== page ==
One of the most reliable measures for cost optimization at this stage is to leverage elastic services designed to grow or shrink according to demand, such as cloud and managed services. A modern product with a cloud-native architecture can auto-scale cloud consumption to mitigate lost operational demand. What may not have been obvious to startup leaders is a strategy often employed by incumbent, mature enterprises — achieving cost optimization by leveraging managed services providers (MSPs). MSPs enable organizations to repurpose full-time staff members from impacted operations to more strategic product lines or initiatives.

Why companies need cost optimization in the long run

Posted Under: Tech News
Cisco to acquire internet monitoring solution ThousandEyes

Posted by on 29 May, 2020

This post was originally published on this site

When Cisco bought AppDynamics in 2017 for $3.7 billion just before the IPO, the company sent a clear signal it wanted to move beyond its pure network hardware roots into the software monitoring side of the equation. Yesterday afternoon the company announced it intends to buy another monitoring company, this time snagging internet monitoring solution ThousandEyes.

Cisco would not comment on the price when asked by TechCrunch, but published reports from CNBC and others pegged the deal at around $1 billion. If that’s accurate, it means the company has paid around $4.7 billion for a pair of monitoring solutions companies.

Cisco’s Todd Nightingale, writing in a blog post announcing the deal said that the kind of data that ThousandEyes provides around internet user experience is more important than ever as internet connections have come under tremendous pressure with huge numbers of employees working from home.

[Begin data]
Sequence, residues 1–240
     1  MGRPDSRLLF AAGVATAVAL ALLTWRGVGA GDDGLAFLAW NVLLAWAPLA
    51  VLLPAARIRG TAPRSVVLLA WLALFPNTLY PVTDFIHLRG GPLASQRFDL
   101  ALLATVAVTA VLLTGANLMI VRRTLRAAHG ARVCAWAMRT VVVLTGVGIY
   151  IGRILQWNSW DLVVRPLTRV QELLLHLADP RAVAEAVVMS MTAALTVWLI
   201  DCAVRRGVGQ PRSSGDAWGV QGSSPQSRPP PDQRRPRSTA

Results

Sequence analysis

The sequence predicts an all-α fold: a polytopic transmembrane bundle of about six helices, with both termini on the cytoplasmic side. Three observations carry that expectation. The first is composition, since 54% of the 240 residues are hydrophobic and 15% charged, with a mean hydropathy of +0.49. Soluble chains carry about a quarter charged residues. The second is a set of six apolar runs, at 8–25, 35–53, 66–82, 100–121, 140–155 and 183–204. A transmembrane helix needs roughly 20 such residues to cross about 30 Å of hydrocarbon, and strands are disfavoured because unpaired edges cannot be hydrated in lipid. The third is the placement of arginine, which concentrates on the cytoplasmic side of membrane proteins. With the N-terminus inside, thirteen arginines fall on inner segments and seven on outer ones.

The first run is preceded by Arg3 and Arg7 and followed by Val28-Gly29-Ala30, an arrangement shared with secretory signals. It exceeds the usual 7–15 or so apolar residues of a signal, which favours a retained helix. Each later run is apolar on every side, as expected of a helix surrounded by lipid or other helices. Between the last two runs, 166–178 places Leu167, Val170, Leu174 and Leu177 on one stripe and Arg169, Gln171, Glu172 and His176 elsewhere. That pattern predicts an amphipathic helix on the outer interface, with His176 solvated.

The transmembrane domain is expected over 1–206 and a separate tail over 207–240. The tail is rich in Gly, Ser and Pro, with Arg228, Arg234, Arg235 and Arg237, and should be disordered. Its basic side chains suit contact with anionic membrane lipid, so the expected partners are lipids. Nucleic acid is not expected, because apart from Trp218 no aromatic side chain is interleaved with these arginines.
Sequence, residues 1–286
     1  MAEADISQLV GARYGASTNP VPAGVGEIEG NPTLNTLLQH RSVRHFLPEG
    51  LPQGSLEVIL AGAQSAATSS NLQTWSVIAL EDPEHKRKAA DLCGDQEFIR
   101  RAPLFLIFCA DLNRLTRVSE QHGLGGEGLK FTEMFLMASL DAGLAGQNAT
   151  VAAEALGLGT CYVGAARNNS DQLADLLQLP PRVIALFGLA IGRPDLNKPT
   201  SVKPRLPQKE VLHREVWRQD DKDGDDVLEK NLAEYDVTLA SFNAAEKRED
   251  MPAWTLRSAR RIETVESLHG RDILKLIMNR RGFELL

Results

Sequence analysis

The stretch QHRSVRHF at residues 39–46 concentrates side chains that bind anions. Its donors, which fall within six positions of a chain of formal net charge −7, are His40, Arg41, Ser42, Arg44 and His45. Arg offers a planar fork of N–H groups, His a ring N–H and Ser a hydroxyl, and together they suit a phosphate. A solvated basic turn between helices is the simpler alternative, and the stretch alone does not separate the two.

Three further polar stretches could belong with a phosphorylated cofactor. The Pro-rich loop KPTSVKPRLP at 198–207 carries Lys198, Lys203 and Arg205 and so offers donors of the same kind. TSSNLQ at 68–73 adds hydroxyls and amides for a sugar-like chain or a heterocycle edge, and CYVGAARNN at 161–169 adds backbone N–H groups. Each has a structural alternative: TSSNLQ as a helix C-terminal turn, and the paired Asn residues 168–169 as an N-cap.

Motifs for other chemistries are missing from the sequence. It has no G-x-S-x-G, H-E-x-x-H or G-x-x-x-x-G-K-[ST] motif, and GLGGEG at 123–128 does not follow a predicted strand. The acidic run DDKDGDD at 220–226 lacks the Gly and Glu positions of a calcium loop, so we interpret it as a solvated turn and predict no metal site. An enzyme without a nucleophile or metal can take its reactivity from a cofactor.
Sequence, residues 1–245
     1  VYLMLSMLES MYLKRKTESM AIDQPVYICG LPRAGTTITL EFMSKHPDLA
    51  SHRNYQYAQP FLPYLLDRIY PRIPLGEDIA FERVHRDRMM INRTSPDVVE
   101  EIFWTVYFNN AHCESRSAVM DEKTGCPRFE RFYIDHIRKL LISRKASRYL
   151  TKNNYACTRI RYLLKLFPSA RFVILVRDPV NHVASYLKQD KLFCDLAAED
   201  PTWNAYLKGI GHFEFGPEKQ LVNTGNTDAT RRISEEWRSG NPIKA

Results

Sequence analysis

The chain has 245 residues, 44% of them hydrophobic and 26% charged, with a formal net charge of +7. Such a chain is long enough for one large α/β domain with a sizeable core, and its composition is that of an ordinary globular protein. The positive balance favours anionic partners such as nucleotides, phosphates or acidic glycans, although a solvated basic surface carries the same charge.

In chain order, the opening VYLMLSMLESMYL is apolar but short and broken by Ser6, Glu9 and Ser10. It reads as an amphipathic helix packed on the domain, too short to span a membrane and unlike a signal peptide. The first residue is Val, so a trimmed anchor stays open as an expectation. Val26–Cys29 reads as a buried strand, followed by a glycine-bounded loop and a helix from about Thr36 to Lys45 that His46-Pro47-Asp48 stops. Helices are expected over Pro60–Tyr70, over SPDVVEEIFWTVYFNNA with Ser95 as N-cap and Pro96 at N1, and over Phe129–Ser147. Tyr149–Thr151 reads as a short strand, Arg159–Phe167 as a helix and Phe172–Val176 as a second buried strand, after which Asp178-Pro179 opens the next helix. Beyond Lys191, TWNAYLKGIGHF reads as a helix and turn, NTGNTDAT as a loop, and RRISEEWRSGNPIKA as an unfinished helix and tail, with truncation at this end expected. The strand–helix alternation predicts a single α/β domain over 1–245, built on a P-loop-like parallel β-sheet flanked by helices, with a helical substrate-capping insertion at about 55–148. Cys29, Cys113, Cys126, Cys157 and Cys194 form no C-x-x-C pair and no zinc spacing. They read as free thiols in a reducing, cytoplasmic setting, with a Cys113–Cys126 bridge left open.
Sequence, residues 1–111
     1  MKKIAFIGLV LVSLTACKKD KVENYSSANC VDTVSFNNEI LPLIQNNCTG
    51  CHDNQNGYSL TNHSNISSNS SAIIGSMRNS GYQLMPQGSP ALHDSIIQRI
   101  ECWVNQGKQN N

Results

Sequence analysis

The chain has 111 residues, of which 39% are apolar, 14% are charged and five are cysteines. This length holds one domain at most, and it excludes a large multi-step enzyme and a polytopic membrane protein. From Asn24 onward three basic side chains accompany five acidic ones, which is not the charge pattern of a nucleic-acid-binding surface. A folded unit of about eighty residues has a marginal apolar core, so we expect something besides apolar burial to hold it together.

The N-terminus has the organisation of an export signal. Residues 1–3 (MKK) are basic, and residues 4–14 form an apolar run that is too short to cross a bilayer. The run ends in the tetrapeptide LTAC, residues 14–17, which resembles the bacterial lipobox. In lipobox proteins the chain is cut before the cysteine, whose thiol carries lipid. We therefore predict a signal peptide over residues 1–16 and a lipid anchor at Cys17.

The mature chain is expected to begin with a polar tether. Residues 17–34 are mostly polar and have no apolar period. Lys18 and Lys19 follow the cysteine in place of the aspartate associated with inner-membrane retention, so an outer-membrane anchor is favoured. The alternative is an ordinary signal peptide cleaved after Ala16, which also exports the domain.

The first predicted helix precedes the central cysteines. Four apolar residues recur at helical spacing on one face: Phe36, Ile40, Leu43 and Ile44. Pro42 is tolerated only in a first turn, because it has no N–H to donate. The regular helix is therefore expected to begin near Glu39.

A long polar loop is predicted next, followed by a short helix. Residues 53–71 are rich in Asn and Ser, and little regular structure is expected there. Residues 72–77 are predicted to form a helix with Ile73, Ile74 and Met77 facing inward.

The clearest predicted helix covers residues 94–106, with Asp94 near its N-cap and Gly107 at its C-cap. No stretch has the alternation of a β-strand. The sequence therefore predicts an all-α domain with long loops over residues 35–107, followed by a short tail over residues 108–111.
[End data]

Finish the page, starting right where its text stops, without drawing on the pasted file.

ThousandEyes keeps watch on those connections and should fit in well with other Cisco monitoring technologies. “With thousands of agents deployed throughout the internet, ThousandEyes’ platform has an unprecedented understanding of the internet and grows more intelligent with every deployment, Nightingale wrote.

He added, “Cisco will incorporate ThousandEyes’ capabilities in our AppDynamics application intelligence portfolio to enhance visibility across the enterprise, internet and the cloud.”

As for ThousandEyes, co-founder and CEO Mohit Lad told a typical acquisition story. It was about growing faster inside the big corporation than it could on its own. “We decided to become part of Cisco because we saw the potential to do much more, much faster, and truly create a legacy for ThousandEyes,” Lad wrote.

It’s interesting to note that yesterday’s move, and the company’s larger acquisition strategy over the last decade is part of a broader move to software and services as a complement to its core networking hardware business.

Just yesterday, Synergy Research released its network switch and router revenue report and it wasn’t great. As companies have hunkered down during the pandemic, they have been buying much less network hardware, dropping the Q1 numbers to seven year low. That translated into a $1 billion less in overall revenue in this category, according to Synergy.

While Cisco owns the vast majority of the market, it obviously wants to keep moving into software services as a hedge against this shifting market. This deal simply builds on that approach.

ThousandEyes was founded in 2010 and raised over $110 million on a post valuation of $670 million as of February 2019, according to Pitchbook Data.

Posted Under: Tech News
Mirantis releases its first major update to Docker Enterprise

Posted by on 28 May, 2020

This post was originally published on this site

In a surprise move, Mirantis acquired Docker’s Enterprise platform business at the end of last year and while Docker itself is refocusing on developers, Mirantis kept the Docker Enterprise name and product. Today, Mirantis is rolling out its first major update to Docker Enterprise with the release of version 3.1.

For the most part, these updates are in line with what’s been happening in the container ecosystem in recent months. There’s support for Kubernetes 1.17 and improved support for Kubernetes on Windows (something the Kubernetes community has worked on quite a bit in the last year or so). Also new is Nvidia GPU integration in Docker Enterprise through a pre-installed device plugin, as well as support for Istio Ingress for Kubernetes and a new command-line tool for deploying clusters with the Docker Engine.